Lavender | Lavandula
Lavender, a member of the Lamiaceae family, is native to the Mediterranean where it grows as a herbaceous perennial, evergreem semi-shrub or shrub. It has linear leaves, covered with fine white hairs, that exude a typical lavender scent and purple-blue, pink or whitedepending on the variety. Old English lavender (L. angustifolia) is a popular container plant that is frost-resistant even in a temperate climate. This variety also produces lavender oil. The flowers of L. stoechas and L. dentata are borne in purple-red spikes. They all require a warm, sunny position in order to develop their full aroma. Although they tolerate periods of drought, they need a well-drained that should be kept moist at all times.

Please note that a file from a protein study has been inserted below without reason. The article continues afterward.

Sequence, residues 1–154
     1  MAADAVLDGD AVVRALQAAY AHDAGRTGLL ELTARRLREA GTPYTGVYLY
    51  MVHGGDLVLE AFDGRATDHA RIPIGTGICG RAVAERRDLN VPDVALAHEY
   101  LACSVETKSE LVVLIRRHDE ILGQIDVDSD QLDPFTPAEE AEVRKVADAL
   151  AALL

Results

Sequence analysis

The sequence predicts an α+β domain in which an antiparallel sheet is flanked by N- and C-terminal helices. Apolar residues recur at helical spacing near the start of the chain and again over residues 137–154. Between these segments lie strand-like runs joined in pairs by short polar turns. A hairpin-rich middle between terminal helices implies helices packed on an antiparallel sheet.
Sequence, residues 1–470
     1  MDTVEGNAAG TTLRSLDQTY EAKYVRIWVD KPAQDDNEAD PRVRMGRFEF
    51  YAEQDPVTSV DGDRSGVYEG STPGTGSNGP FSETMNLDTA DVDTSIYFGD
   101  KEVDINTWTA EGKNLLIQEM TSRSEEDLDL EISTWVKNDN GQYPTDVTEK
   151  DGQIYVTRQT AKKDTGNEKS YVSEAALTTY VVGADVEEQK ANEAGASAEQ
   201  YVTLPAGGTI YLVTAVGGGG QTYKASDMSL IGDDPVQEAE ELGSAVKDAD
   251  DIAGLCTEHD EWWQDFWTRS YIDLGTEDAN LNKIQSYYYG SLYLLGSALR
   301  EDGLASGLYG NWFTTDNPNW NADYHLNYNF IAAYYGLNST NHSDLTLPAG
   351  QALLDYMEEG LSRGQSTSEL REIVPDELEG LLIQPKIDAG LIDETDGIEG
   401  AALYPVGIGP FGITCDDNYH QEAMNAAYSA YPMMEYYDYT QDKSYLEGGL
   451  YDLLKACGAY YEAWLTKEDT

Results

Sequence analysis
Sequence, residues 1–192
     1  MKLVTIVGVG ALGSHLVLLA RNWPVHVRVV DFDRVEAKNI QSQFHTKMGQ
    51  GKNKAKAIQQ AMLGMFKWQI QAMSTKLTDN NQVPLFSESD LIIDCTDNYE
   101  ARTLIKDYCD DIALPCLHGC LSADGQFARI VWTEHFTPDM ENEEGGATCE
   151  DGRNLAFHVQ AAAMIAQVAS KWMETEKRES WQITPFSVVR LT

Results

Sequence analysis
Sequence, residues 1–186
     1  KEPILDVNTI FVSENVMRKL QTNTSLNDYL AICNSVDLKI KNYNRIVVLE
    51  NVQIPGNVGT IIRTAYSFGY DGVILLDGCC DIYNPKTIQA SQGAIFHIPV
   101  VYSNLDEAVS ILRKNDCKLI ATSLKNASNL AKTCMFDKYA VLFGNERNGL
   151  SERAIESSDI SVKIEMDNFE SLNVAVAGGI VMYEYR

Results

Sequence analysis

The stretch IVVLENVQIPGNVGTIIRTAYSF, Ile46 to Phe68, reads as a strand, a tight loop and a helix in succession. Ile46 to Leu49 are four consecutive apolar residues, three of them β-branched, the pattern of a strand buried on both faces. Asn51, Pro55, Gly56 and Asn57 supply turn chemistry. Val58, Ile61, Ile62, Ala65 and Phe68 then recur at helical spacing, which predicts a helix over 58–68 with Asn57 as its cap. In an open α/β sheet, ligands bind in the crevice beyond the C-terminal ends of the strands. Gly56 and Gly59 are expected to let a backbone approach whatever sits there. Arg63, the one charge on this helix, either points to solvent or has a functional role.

They do not need much food until the end of the summer when usually a small application of fertilizer suffices. In winter, it is safer to move them to light, frost-proof place where the temperature will not exceed 10° C (50° F). Older specimens should be thinned out every year. Lavender can be propagated from softwood cuttings or raised from seed in spring.